Illustration: Adeline Pericart
Paul Lynch explores why superheroes movies are no longer films for our times. – continuing Film Ireland‘s ‘Sounding Off‘ section – the place for debate and discussion on the topics that you find most compelling.
The long winter is almost over. Jack Frost is retreating his icy fingers. And the superhero movie is coming out of hibernation. If only it would stay there for good. For after 70 years of thump and thunder, crash and clamour, the superhero movie has outstayed its welcome.
Since the start of the 2000s, superhero fan boys and the cinema-going public have never had it so good. The era of incredible CGI ushered in a decade of superhero movies in a way that just wasn’t possible before. Mostly it’s been a run of diminishing returns, but there have been some classics: from Sam Raimi’s takes on Spider-Man to the juggernauts that were Christopher Nolan’s Batman films, the genre has hinted at adolescence.
These films have built upon the foundations of superhero films from the 1940s. Those old serials laid down the names we know and love today — Batman, Superman and lesser favourites such as Captain America. What marked those films out was that they were films made for kids.
And there lies the rub: today’s superhero movies might prowl on the surface like more sophisticated beasts, but underneath they are still the same: they operate within a simple world of black versus white, good versus evil. Despite their largely adult following, they are still movies that see the world like children.
The rebirth of the modern superhero movie goes hand-in-hand with the era of the Republican Neo-Cons. George W. Bush made their credo simple: it was ‘us versus them’. Their good versus evil approach to foreign policy was disastrous. It failed to see the world as a vastly complex place, and looked upon the Middle East with the naivety of a child. The repercussions have been enormous. America’s heavy borrowing to fund two wars has helped prolong the world economic crash. And in this more challenging era, it’s not hard to see that superhero movies are no longer films for our times.
If the superhero genre has a forefather, it is the western. The genre began in the silent era and spent a good three decades providing moral comfort food: good guys faced off against bad guys and civilization was allowed to thrive. Wholesome morality was the only game in town.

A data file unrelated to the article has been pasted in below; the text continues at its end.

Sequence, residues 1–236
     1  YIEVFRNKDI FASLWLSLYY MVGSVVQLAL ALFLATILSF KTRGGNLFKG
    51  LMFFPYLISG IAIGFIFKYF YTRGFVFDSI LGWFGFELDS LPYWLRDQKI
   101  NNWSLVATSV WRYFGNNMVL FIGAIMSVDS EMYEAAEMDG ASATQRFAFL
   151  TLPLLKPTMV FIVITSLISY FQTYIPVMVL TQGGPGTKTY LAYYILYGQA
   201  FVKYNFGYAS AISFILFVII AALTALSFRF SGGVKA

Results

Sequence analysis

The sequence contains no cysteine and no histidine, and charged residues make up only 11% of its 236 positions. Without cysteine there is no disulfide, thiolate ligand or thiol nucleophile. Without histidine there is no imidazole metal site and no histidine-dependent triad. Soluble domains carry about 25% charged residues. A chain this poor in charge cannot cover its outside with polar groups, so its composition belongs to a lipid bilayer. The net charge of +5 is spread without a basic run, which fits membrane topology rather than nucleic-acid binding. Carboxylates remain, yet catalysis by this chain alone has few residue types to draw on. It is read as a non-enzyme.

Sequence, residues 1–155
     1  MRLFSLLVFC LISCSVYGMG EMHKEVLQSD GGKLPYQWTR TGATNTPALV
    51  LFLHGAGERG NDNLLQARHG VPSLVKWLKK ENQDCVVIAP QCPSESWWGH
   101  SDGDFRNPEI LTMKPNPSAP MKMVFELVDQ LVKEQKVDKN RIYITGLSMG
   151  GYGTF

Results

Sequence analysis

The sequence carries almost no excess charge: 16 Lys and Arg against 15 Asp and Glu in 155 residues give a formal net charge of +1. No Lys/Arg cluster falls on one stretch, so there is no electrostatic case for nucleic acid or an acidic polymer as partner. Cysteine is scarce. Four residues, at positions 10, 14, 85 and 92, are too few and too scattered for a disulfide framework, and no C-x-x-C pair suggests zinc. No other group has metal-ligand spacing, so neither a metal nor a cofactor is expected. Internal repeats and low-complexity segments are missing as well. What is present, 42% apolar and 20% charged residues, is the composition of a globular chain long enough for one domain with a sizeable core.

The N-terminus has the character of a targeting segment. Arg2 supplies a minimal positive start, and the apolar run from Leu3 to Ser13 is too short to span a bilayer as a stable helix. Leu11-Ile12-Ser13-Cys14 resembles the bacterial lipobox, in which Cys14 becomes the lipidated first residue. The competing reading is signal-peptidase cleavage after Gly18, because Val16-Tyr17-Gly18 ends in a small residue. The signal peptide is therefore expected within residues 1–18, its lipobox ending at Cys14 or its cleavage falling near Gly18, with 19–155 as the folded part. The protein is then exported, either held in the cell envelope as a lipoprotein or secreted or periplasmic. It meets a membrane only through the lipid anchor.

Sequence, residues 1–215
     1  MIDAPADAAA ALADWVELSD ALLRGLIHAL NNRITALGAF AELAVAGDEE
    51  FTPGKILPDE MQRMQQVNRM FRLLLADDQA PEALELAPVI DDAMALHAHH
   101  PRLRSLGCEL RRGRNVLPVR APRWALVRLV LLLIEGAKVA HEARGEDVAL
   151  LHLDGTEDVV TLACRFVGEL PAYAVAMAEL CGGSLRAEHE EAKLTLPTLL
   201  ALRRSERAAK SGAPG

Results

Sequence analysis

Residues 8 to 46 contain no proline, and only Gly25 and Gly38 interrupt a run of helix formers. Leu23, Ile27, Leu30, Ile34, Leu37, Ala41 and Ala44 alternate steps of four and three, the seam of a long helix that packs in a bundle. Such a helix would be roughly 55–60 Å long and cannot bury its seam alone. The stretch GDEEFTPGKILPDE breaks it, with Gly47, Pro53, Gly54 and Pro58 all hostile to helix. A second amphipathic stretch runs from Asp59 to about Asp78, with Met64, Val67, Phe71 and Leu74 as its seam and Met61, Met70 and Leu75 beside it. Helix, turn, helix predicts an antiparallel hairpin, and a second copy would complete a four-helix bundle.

But after World War Two, the western had to rise to the challenge of meeting a new, hard-bitten cynicism. Watch the development of Anthony Mann’s westerns over the 1950s: beginning with Winchester ‘73, Mann darkened the genre, roiling it with moral ambiguity and psychological complexity. He blurred the boundaries of who was good and who was bad.
Those films paved the way for John Ford in 1956 to make The Searchers — a John Wayne vehicle with an unambiguous racist as a hero. By the 1970s, the genre was a different animal: heroes weren’t heroes at all; westerns were populated by amoral assholes. The terrain had become a lawless, evolutionary plain of moral relativism where good and evil did not exist. Much like the real world then.
As the dominant Hollywood genre, can superhero films rise to the challenge of representing these complex times? I doubt it. Rewatching the genre’s greatest achievement, Christopher Nolan’s The Dark Knight, you can sense Nolan pushing at the boundaries. He gave Batman very dark shades, but in the end, darkness was something Batman had to shake off.
For there is a code governing the form of superhero movies. And there are rules the viewer brings to it, built on the belief that our heroes, unlike ourselves, cannot be corrupt and that good must always remain strong and true over evil. You can shade character, you can make heroes into temporary outlaws, but the outcome must remain the same.
Can a superhero film transcend genre under such strictures? It seems unlikely. After 70 years of doing battle with evil, the superhero genre remains the Peter Pan of the movies: it is incapable of growing up.
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